Follicular Cysts 

Just as the name implies, follicular cysts develop around dilated hair follicles. A follicular cyst can be considered sebaceous or epidermoidal. 

Sebaceous Cysts

A sebaceous cyst is a common occurrence in older dogs.  They occur as a result of inflamed hair follicles.  The over-production of sebum (oily substance) Sebaceous cysts on a dog will take one of three trajectories:   1) It will dissolve on its own.   2) It will rupture naturally.   3) It will wall itself off.

Dermoid cysts only happen in utero. In this case, the cyst develops within the body of the unborn puppy.  It’s possible for the dog to live a long time before anybody realizes it’s there.

Will Your Veterinarian Drain a Cyst on a Dog?

Veterinarians are highly skilled professionals. They are the only people who should attempt to drain a cyst on a dog. Even though they know how to drain a cyst on a dog, it doesn’t mean they will. 

Once the veterinarian has determined that your dog has a benign cyst (after microscopic examination) the decision to surgically remove would depend on the comfort and safety of the dog.

If the cyst is very large (some grow to the size of a golf ball or larger) and is uncomfortable for the dog, the vet may opt to surgically remove it. Small, uncomplicated cysts are typically left alone. 

How to Treat a Ruptured Cyst on a Dog

If your dog’s cyst doesn’t go away, but instead erupts, you’ll need to take care of the wound. It’s important to keep it open and draining freely to get all of the fluid out.  

A warm compress should be applied to the draining cyst for up to 10 minutes, two or three times a day.  At this stage, it’s important to watch for signs of infection.  Signs of infection could include additional swelling around the cyst, redness, pain, pus, and a foul smell from bacteria/yeast.

The idea is to keep the liquid draining until it is all gone.  Keeping the area moist will prevent a scab from forming.  When a scab forms, the remaining fluid is trapped inside. This can cause a bacterial infection, or can cause the cyst to reoccur.

Be sure to swab the wound with a bacterial cream or wipe several times a day.   

The most difficult part of this is keeping your dog’s mouth away from the wound.  The best suggestion is – of course – the Elizabethan collar. These days, there are a lot of variations that might prove more comfortable for your dog.

Open Cyst Drainage

Doctors may decide to perform open cyst drainage surgery if the cyst has become infected.  That decision will depend on the health of the dog.  These types of cysts tend to develop in older dogs.  General anesthesia could put your dog in a risky situation where heart failure is possible.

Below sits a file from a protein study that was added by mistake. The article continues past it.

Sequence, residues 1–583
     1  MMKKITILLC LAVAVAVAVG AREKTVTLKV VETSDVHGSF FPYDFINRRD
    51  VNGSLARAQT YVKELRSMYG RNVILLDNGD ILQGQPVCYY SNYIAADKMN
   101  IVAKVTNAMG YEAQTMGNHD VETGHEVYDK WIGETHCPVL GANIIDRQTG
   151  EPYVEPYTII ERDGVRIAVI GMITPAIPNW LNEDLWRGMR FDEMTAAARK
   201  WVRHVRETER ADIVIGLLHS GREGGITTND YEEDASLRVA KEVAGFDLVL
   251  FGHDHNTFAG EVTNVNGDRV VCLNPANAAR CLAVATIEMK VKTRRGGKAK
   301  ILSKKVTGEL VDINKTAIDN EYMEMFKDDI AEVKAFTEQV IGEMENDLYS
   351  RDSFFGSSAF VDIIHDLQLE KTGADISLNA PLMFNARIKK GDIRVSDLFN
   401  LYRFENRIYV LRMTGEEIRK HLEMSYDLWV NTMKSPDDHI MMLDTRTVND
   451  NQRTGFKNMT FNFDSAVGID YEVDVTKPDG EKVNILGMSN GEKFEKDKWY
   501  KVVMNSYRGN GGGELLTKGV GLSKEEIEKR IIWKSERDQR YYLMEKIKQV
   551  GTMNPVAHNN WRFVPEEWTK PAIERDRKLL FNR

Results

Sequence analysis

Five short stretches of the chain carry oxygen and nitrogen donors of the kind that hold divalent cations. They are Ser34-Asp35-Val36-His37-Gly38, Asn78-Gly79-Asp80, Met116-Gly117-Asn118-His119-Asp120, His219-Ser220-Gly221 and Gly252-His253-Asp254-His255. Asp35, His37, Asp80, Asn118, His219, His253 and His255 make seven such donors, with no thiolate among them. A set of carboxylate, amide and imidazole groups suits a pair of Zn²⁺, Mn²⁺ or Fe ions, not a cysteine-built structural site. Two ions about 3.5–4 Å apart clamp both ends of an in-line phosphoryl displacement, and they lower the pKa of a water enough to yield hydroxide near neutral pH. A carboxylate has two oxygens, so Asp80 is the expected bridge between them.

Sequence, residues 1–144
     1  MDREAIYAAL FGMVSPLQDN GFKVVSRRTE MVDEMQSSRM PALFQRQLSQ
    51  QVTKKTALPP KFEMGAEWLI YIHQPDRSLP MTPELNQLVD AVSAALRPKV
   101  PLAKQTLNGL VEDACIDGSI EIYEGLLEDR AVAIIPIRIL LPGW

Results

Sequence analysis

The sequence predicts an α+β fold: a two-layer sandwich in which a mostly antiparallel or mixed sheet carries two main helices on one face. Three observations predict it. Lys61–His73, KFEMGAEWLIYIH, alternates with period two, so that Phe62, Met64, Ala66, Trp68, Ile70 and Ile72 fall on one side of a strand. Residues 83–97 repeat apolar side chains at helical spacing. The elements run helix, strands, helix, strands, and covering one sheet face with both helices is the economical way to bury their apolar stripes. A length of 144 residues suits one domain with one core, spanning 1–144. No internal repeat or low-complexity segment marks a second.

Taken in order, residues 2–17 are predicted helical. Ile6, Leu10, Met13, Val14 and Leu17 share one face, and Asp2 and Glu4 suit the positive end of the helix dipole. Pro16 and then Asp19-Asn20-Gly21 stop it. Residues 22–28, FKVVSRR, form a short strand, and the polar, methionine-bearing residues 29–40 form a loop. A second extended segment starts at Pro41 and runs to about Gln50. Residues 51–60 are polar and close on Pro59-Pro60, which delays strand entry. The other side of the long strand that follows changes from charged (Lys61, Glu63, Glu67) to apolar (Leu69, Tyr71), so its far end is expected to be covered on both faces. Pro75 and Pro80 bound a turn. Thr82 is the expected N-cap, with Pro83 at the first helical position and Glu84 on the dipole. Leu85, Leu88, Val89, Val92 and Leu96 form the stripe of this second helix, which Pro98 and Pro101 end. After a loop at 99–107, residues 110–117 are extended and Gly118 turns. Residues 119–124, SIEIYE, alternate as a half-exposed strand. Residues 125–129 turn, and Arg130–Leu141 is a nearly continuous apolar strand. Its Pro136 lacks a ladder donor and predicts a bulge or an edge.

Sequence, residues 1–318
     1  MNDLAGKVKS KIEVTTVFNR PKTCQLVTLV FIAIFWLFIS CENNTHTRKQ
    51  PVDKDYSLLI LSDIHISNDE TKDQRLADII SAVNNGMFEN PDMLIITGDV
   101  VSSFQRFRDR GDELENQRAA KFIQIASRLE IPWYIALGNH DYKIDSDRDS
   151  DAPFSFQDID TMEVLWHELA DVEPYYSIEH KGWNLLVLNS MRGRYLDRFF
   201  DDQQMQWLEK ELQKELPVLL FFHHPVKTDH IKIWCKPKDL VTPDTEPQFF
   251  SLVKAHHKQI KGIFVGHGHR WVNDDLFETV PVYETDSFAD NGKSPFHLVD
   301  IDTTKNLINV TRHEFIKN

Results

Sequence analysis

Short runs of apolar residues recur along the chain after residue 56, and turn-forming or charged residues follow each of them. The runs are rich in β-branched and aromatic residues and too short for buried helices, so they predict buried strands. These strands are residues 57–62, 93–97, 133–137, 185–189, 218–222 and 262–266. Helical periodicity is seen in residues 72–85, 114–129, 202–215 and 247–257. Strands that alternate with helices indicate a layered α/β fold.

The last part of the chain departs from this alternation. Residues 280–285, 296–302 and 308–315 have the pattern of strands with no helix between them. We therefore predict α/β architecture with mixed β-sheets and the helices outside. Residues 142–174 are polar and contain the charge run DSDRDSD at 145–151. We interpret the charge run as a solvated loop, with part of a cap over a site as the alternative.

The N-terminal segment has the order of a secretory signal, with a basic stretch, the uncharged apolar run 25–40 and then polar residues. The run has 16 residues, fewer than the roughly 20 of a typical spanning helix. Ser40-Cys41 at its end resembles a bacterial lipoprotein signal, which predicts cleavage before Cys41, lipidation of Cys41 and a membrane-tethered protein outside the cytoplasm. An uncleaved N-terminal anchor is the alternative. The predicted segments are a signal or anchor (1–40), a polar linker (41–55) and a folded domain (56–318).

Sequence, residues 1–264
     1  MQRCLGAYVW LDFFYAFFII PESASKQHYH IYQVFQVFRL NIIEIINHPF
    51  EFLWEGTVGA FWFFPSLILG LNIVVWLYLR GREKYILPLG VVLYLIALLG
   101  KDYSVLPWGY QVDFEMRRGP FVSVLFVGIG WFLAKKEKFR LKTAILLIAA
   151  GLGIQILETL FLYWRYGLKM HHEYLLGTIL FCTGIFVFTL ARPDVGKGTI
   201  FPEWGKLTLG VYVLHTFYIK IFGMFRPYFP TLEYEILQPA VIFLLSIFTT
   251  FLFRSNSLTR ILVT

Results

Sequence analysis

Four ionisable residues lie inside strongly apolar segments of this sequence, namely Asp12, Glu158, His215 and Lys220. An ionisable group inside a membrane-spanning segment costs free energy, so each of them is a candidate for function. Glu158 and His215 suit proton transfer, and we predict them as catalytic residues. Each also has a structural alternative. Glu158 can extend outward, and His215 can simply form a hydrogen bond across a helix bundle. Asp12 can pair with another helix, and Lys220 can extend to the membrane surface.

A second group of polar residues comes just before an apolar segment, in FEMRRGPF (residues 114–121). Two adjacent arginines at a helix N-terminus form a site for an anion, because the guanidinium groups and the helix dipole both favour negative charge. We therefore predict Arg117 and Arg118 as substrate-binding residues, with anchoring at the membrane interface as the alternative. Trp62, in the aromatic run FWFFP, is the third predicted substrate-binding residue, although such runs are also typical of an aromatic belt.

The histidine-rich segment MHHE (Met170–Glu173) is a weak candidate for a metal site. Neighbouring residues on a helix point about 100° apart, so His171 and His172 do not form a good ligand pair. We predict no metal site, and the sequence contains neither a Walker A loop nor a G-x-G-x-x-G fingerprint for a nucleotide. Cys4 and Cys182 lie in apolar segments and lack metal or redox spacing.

If you’re still wondering how to drain a cyst on a dog, you should ask your veterinarian about open cyst drainage surgery. 

This procedure is especially useful in reducing the pain and pressure of a large cyst.  It must be done in a sterile environment, such as the animal hospital or clinic.

If the veterinarian feels your dog is strong and healthy enough, he/she may decide to go ahead with the removal.  The first thing will be to put your dog under general anesthesia.  The surgeon will cut into the skin to expose the cyst.  He/she will then slice an opening to allow the pus (if it’s infected), keratin, or sebum, to drain.  

The surgeon will monitor your dog while he or she is under.  Once the fluids have completely drained, the surgeon will then cut out the remaining sac of tissue.  Your dog will be sutured and sent home to rest.  Again, in my experience, one of the hardest things to do is keep the dog from messing with the incision,

The veterinarian may send you home with antibiotics for your dog.  If so, make sure to give your dog the full prescription as indicated.  When people stop antibiotics early, bacteria could come back.  The second time this happens, the bacteria are stronger. The more this cycle continues, the greater the risk of developing antibiotic resistance.  

Drain a Cyst on a Dog and You Risk The Following:

Popping a cyst on a dog is painful to the dog and could worsen the condition.  The risk of infection goes up when it’s popped superficially.  In fact, you risk pushing the fluid deeper into the tissues (which could cause another cyst to appear). The open wound is then subject to bacterial infection.

Even if you insist that you know how to drain a cyst on a dog, you should still get medical assistance.  Draining it with a small needle puncture is going to be painful for the dog, and messy for you.

Be prepared for a foul smell and a period of drainage that will require keeping your dog from licking the open wound.

How to Tell if it’s Just a Cyst, or Something Else.

The only way to tell if it is a benign cyst or cancer is to perform a fine-needle aspirate or tissue biopsy. 

Veterinarians, however, are highly skilled professionals who can probably detect a cyst from a tumor a mile away.   Even so, they can’t give an absolute diagnosis without looking at it first.

Some telltale signs that it is a benign cyst and nothing more include the fact that it is easy to move. A benign cyst will be soft, painless, and easy to move around.  

In addition, benign cysts are common in aging dogs.  A dog is considered senior at seven years of age.

Is Your Dog Just a Puppy?

Cysts can still occur in younger dogs.  Sometimes, however, they are more likely to appeaas the dog ages.

When a puppy gets a cyst, it is usually considered genetic. This is called a dermoid cyst and they usually develop before the puppy is even born. They are considered rare.

Dog Breeds Prone to Cysts

The dog breeds most prone to various types of cysts include:

Mexican Hairless